This week, researchers reported a strong association between the metabolic conditions that can occur during pregnancy — such as diabetes, obesity and hypertension — and autism spectrum disorder (ASD) as well as developmental delays.
The study will be published in the May 2012 issue of Pediatrics.
Researchers found that obese mothers had 1.6 times the chance of having a child with autism. They were also more than twice as likely to have a child with another developmental disorder.
Mothers with diabetes were 2.3 times more likely to have a child with developmental delays.
Children of mothers with diabetes scored lower on language and communication tests compared to children of mothers without metabolic conditions.
Study authors conclude that the uptick in obesity and diabetes may be directly associated with neurodevelopment problems in children.
That raises serious public health concerns.
Developmental pediatrician Raun Melmed, MD, co-founder and medical director of the Southwest Autism Research and Resource Center (SAARC) in Phoenix, says that scientists are just beginning to try to identify the environmental factors that may play a role in whether or not a child will have autism.
“We are still in the process of discovery,” says Melmed, an AzAAP member and director of the Melmed Center. “This is relatively early on in the field in trying to figure out what the underlying causes are.”
Melmed says that most experts agree that there has to be a genetic disposition for autistic disorders, and that genes play a significant role on whether a child will develop the disorder.
Last week, teams of researchers reported in the New York Times that they’ve now identified several gene mutations that they agree sharply increase the chances that a child will develop autism. Further evidence shows that that the risk seems to increase with the age of the parents, particularly in fathers over the age of 35.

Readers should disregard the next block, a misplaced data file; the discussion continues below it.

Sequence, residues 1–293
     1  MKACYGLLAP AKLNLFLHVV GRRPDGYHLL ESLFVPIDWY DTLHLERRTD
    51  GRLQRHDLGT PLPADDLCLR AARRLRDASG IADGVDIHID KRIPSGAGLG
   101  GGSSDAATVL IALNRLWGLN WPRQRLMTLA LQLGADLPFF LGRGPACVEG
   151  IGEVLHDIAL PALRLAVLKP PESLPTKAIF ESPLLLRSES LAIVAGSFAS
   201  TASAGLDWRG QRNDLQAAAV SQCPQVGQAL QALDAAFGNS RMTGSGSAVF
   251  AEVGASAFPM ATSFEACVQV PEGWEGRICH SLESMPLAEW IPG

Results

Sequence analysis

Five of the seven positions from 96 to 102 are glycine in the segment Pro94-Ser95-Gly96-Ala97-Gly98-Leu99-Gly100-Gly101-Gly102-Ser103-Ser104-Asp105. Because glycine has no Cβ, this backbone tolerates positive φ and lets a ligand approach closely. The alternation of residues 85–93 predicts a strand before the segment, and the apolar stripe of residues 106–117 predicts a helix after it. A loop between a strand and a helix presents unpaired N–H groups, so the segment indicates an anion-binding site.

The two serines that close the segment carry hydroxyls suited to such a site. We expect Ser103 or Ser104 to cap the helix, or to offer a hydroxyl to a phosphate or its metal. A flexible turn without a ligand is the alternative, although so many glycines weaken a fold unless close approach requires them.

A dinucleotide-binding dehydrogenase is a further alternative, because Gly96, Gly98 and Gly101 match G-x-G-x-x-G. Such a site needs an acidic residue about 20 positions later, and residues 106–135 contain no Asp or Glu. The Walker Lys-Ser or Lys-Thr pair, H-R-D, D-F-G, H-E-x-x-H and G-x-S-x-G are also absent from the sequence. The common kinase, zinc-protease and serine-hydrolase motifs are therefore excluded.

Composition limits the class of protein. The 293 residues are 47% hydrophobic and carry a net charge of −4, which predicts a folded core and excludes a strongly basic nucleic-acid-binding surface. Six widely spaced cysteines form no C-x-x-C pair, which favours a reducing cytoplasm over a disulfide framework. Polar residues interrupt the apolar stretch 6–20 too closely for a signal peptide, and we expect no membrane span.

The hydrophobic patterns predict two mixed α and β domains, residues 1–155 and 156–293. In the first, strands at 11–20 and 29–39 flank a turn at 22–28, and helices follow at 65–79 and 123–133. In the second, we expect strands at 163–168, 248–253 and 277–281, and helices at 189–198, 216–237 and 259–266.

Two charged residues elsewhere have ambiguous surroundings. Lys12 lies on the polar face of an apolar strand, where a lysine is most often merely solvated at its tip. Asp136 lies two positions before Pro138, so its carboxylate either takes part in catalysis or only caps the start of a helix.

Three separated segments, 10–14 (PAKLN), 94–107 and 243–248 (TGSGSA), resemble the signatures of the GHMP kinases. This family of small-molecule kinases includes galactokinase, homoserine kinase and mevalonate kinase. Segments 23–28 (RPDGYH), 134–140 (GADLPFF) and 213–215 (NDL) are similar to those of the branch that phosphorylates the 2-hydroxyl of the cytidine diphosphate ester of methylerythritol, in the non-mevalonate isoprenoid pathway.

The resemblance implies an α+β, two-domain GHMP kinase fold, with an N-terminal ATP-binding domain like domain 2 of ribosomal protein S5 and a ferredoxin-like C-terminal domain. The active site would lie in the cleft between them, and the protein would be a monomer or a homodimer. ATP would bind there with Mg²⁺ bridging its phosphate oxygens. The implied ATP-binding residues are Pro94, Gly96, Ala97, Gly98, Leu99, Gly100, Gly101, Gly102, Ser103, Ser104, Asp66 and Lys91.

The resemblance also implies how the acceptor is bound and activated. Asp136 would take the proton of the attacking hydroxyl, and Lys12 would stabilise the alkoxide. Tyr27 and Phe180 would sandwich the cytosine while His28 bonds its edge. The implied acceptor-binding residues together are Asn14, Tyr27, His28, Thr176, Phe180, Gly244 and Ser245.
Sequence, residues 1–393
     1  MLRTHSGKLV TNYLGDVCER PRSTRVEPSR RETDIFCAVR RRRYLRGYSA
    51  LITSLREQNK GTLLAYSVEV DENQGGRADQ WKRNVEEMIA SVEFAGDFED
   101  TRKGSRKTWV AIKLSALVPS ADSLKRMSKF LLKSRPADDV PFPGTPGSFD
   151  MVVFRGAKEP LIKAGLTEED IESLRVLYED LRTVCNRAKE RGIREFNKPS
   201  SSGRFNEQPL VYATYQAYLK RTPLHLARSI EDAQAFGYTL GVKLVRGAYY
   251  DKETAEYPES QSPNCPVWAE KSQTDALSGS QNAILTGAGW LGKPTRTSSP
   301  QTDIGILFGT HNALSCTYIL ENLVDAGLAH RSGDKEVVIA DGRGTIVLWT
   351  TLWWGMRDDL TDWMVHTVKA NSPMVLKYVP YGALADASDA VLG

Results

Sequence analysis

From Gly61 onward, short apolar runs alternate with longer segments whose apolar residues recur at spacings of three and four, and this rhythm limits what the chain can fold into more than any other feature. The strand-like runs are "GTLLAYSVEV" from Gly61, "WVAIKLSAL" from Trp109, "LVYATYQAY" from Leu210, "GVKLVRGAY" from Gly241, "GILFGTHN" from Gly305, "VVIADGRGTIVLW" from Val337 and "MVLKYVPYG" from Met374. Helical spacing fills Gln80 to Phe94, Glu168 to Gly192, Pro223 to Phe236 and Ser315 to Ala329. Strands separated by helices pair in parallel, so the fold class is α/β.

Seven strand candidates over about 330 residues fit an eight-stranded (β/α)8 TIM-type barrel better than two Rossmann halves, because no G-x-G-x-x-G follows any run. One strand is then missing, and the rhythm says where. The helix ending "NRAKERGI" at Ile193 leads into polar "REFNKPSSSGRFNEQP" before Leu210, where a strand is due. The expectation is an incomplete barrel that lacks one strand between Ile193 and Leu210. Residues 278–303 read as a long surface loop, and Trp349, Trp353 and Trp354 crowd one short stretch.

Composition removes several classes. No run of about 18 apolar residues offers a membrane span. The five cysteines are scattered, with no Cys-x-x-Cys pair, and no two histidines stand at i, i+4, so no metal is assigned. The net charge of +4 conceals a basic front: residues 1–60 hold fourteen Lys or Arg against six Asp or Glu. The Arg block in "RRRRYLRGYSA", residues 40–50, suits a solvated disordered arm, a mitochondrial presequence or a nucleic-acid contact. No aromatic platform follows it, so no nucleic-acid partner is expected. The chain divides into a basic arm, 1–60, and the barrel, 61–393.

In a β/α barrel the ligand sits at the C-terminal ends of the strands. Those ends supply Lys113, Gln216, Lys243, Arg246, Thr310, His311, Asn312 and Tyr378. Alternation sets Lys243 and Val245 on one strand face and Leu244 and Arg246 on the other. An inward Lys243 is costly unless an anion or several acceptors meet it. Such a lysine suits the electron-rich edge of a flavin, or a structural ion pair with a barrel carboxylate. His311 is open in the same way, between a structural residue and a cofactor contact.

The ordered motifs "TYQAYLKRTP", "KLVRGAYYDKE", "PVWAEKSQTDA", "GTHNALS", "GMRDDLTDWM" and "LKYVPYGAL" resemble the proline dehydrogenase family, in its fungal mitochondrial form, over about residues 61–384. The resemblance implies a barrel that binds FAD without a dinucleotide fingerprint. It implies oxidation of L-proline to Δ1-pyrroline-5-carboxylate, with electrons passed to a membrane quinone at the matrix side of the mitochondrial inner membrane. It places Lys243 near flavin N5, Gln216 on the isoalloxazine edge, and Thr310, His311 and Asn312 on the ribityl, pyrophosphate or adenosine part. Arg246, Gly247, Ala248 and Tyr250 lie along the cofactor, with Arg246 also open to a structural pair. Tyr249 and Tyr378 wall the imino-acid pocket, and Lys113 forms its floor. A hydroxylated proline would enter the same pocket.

Melmed, who is also an adjunct senior researcher at TGen, a not-for-profit biomedical research institute in Phoenix, is working on research that involves gene expression in autism.
TGen is a part of the Autism Genome Project (AGP), a consortium that helps bring together researchers from research centers in the U.S., Europe, and Canada. The AGP was initiated by Autism Speaks and is funded by international, private and public partners.
As a research facility as well as a resource center, SAARC teams also are working on pharmaceutical answers to help with treatment, such as how medication can change the ability of people to communicate.
All of the latest research and discovery is promising for the future, says Melmed, but “we also have to face facts that there are people facing this today.”
Melmed says that means continuing early intervention and treatment with evidenced-based therapies, identifying children with Asperger’s syndrome earlier, as well as growing vocational, residential and recreational opportunities throughout the life span of those with ASD.